As far as goes the Winkey+W combo I just checked in 7 to see if I was imagining things but I was remembering right... using the current Start Menu search I can find files, programs or control panel items all within the same pane... why then in 8 does MS feel the need to split them out? Seems like much of the UI is putting extra barriers in the way of common tasks.
I'd love to know if the same team from Windows 7 is doing the UI in 8... feels like a completely different design philosophy and in the process undoing much of the good work done recently.
Last edited by gshaw; 21st May 2012 at 02:10 PM.
Designing search for the Start screen is worth a read if you want to find out why they changed the way it works in Windows 8. A couple of quotes from that post are shown below.
When we look at the usage data of how people are using the Start menu to search in Windows 7, it’s clear that searching to launch programs is the most frequent and important activity users engage in with Start search.
Our telemetry data shows that 67% of all searches in Windows 7 are used to find and launch programs. Searching for files accounts for 22% of all Windows 7 Start menu searches, and searching for Control Panel items about 9%. Searching for email messages via Start Menu is very rare (less than 0.05%). The remaining 2% are searches executing the “Run” functionality.To give you an example, if you typed "power" into the search box, most of the time you would be looking for PowerShell, not Power Options.In Windows 8, we expect people will be acquiring and installing more apps than ever before. Had we continued using the Windows 7 Start menu search interface to search for a Control Panel item, you would always see app or program results before Control Panel results, displacing many Control Panel items from being the first match. This and other constraints on the existing design required us to develop a new approach—this is especially true as we consider the increasing use of larger monitors or higher DPI screens where longer menus become even more difficult to use and navigate. In Windows 7, the total number of results that could be shown in the Start menu was limited. Depending on the number of groups with matching results, an average of 3-4 results were shown per group. Very rarely did all results for a group show up, and the organization of the results was pretty unpredictable.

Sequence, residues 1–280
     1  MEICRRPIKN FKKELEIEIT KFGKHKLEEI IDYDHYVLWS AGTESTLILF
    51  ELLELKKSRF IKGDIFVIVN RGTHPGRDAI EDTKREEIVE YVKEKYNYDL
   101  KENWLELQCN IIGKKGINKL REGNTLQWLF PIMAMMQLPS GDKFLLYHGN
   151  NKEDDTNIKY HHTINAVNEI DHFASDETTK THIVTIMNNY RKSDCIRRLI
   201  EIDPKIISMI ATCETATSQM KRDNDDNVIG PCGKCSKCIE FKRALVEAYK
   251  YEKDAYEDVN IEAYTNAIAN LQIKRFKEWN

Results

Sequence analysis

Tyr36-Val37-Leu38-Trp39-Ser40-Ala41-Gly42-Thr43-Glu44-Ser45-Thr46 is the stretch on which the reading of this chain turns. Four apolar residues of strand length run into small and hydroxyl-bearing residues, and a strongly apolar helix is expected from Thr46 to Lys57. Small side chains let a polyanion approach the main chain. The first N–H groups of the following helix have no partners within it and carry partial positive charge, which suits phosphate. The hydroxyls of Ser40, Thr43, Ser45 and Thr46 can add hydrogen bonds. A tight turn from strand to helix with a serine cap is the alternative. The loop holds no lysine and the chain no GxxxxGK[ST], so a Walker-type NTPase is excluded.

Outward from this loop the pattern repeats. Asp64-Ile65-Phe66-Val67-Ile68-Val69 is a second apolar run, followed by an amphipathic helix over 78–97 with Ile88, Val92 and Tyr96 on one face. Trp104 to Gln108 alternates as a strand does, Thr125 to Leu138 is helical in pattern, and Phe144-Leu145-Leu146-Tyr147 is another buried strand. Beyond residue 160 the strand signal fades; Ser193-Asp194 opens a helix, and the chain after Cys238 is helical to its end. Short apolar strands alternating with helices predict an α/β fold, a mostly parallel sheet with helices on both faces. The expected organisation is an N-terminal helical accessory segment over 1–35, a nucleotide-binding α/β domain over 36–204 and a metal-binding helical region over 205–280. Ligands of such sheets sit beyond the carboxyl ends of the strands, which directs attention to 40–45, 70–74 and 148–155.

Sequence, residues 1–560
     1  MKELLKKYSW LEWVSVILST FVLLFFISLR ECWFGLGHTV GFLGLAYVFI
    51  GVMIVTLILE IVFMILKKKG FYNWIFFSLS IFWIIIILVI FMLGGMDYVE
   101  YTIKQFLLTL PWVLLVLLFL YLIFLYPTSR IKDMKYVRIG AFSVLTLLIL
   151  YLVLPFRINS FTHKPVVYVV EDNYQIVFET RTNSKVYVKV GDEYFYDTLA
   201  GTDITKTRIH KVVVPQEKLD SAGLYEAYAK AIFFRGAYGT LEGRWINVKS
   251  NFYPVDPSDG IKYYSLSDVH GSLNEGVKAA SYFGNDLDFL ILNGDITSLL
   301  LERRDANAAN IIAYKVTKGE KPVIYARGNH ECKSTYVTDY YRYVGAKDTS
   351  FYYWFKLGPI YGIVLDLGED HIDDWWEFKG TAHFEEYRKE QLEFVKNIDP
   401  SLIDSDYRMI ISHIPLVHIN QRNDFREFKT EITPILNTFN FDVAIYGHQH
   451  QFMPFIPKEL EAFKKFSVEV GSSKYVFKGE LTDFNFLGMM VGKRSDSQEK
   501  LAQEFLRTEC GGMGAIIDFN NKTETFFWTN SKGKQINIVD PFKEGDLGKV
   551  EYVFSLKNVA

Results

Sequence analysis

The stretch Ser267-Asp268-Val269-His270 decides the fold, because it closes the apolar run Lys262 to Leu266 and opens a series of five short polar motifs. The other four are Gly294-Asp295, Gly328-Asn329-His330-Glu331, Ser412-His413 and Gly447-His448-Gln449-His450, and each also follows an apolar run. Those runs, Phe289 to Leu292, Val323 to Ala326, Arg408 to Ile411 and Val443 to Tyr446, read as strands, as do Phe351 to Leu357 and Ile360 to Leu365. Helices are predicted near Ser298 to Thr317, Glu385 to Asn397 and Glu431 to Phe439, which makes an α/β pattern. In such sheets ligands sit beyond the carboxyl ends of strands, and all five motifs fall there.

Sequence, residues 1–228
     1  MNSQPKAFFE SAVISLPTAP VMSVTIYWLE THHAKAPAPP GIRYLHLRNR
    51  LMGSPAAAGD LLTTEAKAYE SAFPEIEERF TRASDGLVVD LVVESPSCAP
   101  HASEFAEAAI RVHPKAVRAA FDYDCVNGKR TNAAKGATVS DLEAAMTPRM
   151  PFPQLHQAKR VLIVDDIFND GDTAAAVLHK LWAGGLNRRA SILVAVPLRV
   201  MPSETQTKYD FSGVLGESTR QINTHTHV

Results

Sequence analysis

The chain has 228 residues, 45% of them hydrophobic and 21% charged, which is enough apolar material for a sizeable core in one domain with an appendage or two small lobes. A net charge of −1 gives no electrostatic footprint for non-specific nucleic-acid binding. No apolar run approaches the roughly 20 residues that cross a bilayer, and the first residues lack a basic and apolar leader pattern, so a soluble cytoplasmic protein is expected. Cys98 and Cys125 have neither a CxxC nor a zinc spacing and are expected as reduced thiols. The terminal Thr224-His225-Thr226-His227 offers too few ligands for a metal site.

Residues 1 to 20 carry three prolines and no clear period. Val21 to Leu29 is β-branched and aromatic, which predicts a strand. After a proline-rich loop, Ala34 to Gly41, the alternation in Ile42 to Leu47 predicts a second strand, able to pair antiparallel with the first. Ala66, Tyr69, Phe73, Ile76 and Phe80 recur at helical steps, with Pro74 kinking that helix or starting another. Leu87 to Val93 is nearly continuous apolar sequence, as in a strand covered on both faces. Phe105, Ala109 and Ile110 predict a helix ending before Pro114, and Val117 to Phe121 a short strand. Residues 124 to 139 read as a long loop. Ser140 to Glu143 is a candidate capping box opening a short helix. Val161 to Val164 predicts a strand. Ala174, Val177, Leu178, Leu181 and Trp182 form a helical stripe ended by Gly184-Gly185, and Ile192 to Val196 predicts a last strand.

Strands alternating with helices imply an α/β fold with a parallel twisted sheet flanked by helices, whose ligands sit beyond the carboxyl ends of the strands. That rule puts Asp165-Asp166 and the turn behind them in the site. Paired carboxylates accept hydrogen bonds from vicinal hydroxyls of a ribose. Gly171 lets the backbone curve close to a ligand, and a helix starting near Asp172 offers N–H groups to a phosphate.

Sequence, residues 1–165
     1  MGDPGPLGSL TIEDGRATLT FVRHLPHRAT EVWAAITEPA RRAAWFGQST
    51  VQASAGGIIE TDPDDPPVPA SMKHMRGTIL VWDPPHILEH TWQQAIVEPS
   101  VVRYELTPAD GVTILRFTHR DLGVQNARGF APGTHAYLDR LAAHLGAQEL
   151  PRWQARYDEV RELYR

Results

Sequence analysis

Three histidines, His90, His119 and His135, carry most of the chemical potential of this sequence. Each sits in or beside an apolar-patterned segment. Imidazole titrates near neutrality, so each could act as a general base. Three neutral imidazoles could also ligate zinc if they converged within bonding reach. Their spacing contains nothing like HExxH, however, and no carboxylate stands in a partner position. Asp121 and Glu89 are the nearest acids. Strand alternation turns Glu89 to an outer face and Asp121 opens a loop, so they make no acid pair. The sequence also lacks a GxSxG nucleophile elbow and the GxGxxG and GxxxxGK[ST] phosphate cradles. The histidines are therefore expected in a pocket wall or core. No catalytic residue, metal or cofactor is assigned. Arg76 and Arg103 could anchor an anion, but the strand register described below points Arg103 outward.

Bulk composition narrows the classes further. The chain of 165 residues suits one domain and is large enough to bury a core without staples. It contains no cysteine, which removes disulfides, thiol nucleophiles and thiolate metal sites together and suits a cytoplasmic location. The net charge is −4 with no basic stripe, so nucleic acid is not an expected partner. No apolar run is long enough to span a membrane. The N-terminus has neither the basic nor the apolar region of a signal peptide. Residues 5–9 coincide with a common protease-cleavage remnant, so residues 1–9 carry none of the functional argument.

That stat is very misleading as just because searches are used to lunch programs it does not mean that’s the main way or only way people prefer.
Take myself I must have done around 100 searches a year with around 67 of those searches to launch programs so I fit in around 67% of searches. But I must have launched over 1000’s of programs via icons or start menu which is my preferred way.
In my experience 60% ish of searches are used to lunch programs but searches are used under 1% of the time to lunch programs.
EDIT: To simplify they only used the usage data look at how search is used. Not a comparison of usage data for how programs are lunched outside search.
Last edited by Pottsey; 22nd May 2012 at 08:54 AM.